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Remembered Today:

La Signy Farm, Serre


horrocks
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20160928_0496_2_1024.jpg

 

One of the old farmworker's cottages at La Signy, which are taking on the kind of appearance perhaps more reminiscent of 1915 than now!

 

I photographed them, with the permission of the landowner, a couple of weeks ago, for a Wilfred Owen related project. Although Owen was briefly billeted in the cellars of the ruined farm, such maps as I have seen suggest that there wasn't actually a building on this particular spot then, however, I am content to suspend disbelief for the purposes of ambiance. I think there was a building known as Red Cottage just beyond the foot of the line of trees - its ghost can still be seen on GE images.

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Thank you John. The map again confirms no cottage at this location during the war - it is on the driveway to the farm. Interestingly, the line of trees, or its predecessor, was there too. The location of Red Cottage can be clearly seen on Google Earth images as a mark in the field.

 

This extremely evocative passage of Manning's would indicate that the communication trench that took him to the front at Serre was probably Railway, rather than Southern, avenue.

 

'In the distance a star-shell would rise, and as its light dilated, wavered and failed, one saw against it the shattered trunks and boughs of trees, lunatic arms uplifted in imprecation, and as though petrified in a moment of shrieking agony. The communication-trench was deep, and one looked up out of it to a now tranquil sky, against which the same stark boughs were partly visible. Then on the right appeared the ruins of a shattered farm, an empty corpse of a building. There was for Bourne an inexplicable fascination in that melancholy landscape: it was so still, so peaceful, and so extraordinarily tense. One heard a shell travel overhead, or the distant rattle of a machine-gun, but these were merely interruptions of a silence which seemed to touch the heart with a finger of ice. It was only really broken when a man, stumbling on a defective or slippery duck-board, uttered under his breath a monosyllabic curse...

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Did you find the concrete observation post?

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Hi Horrocks.

 

The Red Cottage was known as the RED HOUSE in November 1916 and was used as a Advanced Dressing Station (No5 Field Ambulance). 

 

Regards Andy

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Not sure of the timescale of the book referred to , but this is the only OP, British, which overlooks La Signy, ( sited in the line of trees to the east/south of the farm) dating from 1918 when the farm was the German front line and was under direct observation from the front British trench, Jeremiah Trench. The access trenches to it were Cheeron Trench, dating from 1916, and Newgate Street.  

 

Can't find pic at present, will look if anyone wants.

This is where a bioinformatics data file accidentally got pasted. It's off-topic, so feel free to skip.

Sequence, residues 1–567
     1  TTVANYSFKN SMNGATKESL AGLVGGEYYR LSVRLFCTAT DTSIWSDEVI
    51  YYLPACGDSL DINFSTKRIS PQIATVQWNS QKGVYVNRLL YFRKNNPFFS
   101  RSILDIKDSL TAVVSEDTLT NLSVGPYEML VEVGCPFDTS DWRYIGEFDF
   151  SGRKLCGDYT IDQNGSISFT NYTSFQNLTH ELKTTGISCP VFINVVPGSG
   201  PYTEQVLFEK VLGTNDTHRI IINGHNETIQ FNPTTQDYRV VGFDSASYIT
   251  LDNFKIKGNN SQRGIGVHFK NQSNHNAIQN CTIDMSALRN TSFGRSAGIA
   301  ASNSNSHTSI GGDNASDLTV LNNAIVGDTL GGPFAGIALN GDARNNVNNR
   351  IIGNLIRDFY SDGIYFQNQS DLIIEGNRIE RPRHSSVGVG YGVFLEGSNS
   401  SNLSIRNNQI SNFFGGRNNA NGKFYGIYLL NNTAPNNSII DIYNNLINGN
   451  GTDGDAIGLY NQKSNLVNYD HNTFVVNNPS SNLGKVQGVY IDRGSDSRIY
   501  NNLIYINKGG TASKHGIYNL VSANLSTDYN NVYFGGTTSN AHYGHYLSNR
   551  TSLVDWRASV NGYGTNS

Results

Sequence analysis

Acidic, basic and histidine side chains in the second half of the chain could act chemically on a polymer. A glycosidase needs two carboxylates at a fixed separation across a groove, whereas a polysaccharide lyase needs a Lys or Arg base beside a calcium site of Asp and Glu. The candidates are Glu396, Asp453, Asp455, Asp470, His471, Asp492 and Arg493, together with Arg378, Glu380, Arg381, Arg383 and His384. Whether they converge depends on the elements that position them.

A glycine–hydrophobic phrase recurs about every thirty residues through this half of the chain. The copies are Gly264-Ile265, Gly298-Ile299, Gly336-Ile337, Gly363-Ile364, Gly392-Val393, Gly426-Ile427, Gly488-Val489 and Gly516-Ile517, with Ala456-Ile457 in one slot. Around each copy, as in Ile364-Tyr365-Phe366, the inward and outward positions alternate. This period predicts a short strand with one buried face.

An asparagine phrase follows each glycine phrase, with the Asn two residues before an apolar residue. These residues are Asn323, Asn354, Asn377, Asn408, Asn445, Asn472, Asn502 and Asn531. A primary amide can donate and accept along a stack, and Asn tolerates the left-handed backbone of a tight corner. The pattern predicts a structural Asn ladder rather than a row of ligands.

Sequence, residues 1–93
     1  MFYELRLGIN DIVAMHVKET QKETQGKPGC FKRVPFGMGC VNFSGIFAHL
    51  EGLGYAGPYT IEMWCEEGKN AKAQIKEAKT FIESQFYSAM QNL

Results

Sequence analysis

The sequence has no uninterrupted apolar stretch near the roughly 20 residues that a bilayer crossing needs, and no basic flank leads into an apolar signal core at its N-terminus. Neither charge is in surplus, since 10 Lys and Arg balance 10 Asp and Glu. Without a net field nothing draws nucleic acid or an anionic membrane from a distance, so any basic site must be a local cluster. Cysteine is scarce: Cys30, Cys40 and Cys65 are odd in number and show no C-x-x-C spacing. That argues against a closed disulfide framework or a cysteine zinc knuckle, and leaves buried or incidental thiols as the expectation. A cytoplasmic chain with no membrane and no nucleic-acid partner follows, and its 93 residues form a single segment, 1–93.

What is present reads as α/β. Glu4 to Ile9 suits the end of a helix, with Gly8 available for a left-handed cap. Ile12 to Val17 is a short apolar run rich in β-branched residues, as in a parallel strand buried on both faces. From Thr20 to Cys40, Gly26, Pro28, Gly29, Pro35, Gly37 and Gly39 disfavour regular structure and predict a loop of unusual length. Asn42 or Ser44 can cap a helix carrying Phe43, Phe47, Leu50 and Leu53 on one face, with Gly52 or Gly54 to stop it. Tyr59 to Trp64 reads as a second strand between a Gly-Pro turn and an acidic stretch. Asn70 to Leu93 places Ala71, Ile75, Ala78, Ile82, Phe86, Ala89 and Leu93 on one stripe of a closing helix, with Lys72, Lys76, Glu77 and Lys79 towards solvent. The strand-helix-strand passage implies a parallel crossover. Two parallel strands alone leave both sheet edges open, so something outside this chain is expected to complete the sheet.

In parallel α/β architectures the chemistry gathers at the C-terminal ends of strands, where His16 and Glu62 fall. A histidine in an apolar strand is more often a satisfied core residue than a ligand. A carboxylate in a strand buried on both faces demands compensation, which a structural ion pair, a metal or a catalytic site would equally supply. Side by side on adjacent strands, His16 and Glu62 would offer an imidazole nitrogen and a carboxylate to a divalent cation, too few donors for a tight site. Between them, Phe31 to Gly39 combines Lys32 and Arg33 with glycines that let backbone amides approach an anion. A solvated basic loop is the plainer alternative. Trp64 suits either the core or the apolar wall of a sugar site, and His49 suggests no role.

Peter

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I didn't see the observation post. Is it the one that underwent some kind of archaelogical investigation a while back, I saw a video of it somewhere?

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Yes that's the one, same as Peter refers too.

 

TT

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  • 2 years later...

Hi there,  Newbie here.  Can anyone share a lat/long for Red Cottage or La Signy farm. 

 

My wife's great uncle was killed in the area in 1918 (4 or 5th of April).  He was 2nd Bat, 3rd Rifle Brig (NZ).  

 

We're trying to build an understanding about him as the family disowned him after the war.

 

Cheers

ANT

 

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Hi Ant,

start a new thread in soldiers forum with your great uncles details, name and address or area  or any other information eg regiment you have so we can help a bit better.

Its probably what he saw and went through that disturbed him which has led to his attitude to the family or his actions that upset the family enough to disown him.

my maternal grandfather lost 4 brothers and a couple of cousins from next village, which upset him and my father said he was a awkward person to live with when grandfather came to live with them between 1955 and 1963 .

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Hi Ant and welcome to the forum.  Agree with chaz that starting a specific thread with his name and what you know already will get a lot of help.

 

Expand the image below to see Red Cottage (blue icon at 50.105400, 2.641378), la Signy Farm and at the bottom right, Serre.  On the right is a March 1916 map overlaid on Google Satellite View.

image.png.6147ebfb239de6ed7f15e9c6017ad0b4.png

 

Google Street View shows the entrance to modern Lassigny:

image.png.b65934dcf47ac7246f04d19d5a269929.png

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From "Gazetteer of the Western Front" compiled by John Reed

 

La Signy Farm, Hebuterne     50°06.116’N 2°38.291’E

Red Cottage, Hebuterne        50°06.313’N 2°38.473’E

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